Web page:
chimmichurri sauce

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In Madrid, we had a fantastic lunch at De Maria, an Argentinian parrilla located on the Gran Via. We loved it so much we went again (within a three days!) and even considered going again.

Aside from the frosty air con (Madrid in 37°C swelter is no fun!), great ambience and impeccable service, they do a fantastic steak. Their humble short rib steak, seared on the parrilla is to-die-for. Along side they always served a big bowl of chimmichurri sauce. A little spicy, a lot oily and chunky with dried herbs and chilli flakes. The taste of the deep red, ointment-like sauce haunted me for the rest of the trip.

 

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On the hunt for a similar recipe, we quickly discovered chimmichurri is usually a bright green sauce involving lots of parsley. Not quite the fiery red sauce we’d known and loved. And because of the fresh ingredients, the green chimmichurri can only keep in the fridge for a few days, max.

So for a while there, I lost hope of finding a decent recipe.

But, I think we found it. Nothing can replicate the taste of being on holidays, but this comes very close. It’s chunky, red and can sit in the cupboard, getting better with age.

 

 

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Chimmichurri Sauce

I like the idea of adding additional fresh herbs to the sauce. The husky flavours of the dried herbs plus the sweetness of fresh herbs makes the sauce more complex. If you do add the fresh version of the herbs, refrigerate and consume within three days.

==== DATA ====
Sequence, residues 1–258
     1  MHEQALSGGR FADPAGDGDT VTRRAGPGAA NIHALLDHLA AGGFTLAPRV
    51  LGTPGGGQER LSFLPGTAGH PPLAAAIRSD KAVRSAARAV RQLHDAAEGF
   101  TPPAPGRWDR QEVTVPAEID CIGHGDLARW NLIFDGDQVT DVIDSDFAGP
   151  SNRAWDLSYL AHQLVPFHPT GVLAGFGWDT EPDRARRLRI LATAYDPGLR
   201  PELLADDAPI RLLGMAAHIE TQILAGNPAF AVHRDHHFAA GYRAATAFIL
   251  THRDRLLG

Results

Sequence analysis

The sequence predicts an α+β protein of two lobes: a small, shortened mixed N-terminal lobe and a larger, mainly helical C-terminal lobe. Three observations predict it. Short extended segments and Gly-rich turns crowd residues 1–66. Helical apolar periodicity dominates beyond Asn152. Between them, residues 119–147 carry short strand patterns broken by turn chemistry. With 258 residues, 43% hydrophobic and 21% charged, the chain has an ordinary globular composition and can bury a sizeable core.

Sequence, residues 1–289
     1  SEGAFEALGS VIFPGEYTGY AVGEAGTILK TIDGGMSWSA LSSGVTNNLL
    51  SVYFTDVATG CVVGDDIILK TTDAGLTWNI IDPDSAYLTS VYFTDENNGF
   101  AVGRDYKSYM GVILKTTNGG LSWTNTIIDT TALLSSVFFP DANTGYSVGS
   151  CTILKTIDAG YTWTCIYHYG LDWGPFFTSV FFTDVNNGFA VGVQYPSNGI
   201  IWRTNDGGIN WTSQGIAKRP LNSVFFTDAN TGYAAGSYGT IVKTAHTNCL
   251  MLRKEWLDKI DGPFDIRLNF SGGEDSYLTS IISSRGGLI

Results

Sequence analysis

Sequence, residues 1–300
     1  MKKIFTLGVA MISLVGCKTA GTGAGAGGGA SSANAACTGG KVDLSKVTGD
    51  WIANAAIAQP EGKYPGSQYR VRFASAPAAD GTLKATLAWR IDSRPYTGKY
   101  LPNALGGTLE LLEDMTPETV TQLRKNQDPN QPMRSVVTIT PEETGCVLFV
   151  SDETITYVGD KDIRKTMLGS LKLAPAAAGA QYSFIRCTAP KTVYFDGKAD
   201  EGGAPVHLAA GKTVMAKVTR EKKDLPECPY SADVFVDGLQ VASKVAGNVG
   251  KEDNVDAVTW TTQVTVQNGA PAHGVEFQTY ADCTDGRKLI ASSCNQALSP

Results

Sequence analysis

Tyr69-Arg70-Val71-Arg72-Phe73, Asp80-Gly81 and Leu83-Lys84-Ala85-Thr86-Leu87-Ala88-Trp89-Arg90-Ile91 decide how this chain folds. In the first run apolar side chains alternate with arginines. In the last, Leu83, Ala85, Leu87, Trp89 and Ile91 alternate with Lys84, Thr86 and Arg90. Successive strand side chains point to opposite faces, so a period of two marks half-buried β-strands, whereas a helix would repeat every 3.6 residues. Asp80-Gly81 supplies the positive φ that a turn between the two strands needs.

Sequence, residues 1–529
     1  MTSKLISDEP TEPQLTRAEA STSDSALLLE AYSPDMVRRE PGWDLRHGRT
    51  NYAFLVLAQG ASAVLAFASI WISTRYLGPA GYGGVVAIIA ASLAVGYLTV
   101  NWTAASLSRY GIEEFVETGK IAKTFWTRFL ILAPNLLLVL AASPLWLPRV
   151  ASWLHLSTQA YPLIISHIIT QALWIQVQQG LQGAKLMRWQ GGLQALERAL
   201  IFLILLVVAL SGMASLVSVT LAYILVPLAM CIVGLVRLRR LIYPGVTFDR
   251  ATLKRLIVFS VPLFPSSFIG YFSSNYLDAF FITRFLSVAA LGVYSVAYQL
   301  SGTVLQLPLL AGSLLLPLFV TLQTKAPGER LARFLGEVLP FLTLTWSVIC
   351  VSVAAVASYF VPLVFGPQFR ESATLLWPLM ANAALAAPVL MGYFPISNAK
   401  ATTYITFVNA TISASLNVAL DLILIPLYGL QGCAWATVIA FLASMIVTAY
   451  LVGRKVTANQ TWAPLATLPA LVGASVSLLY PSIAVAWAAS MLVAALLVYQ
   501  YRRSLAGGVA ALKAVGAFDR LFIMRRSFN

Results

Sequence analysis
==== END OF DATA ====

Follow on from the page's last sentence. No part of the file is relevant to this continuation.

The amounts of herbs and spices should be altered according to taste. Initially, the sauce will have quite a strong oregano, garlic, smokey paprika taste with some heat.

5 tbsp dried oregano
3 tbsp dried parsley
3 tbsp chilli flakes
5 tbsp dried garlic granules or flakes (if using garlic powder, reduce quantity by half)
1 tbsp smoked paprika
1 scant tbsp sea salt
1 tsp hot chilli powder (optional – this gives kick and a firey red colour)
pinch of freshly ground pepper
90 ml red wine vinegar
200 ml olive oil (not extra virgin)

Put all the dry ingredients into a clean jar. Combine with a fork to break up any lumps. Add vinegar and olive oil. Close jar and store in your cupboard until your next bbq.

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-M

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  1. bruisemouse

    This sounds amazing. I will certainly be giving this a go.
    Spain. How I love thee. Let me count the ways.

  2. mei

    bruisemouse – Adjust the sauce to how you like it, because I have to admit, I like my stuff pungent and spicy. Let us know how you go! Fingers crossed you’ll like it!

    cityhippyfarmgirl – Hello! Spicy stuff is always gives a lift to food don’t you think? Thanks for dropping in, I appreciate it!

  3. cityhippyfarmgirl

    What a lovely blog you’ve got. Beautiful photography.
    This little chilli number would have been just the thing to jazz up a meal we had a few nights ago.

  4. Keely aka The Richest Girl in Bondi

    You had me at chimmichurri… just the name brings all sorts of sexy connotations. It looks easy enough for me to try and I love the jar you used. Beautiful.

  5. mei

    Keely – Hi Keely! Hahah never thought of chimmichurri as sexy, but now you mention it… I’m totally fascinated by your work at the Masterchef studios – what an interesting job (beats engineering hands down that’s for sure). Thanks for dropping by, hope I see you around more. :)


 
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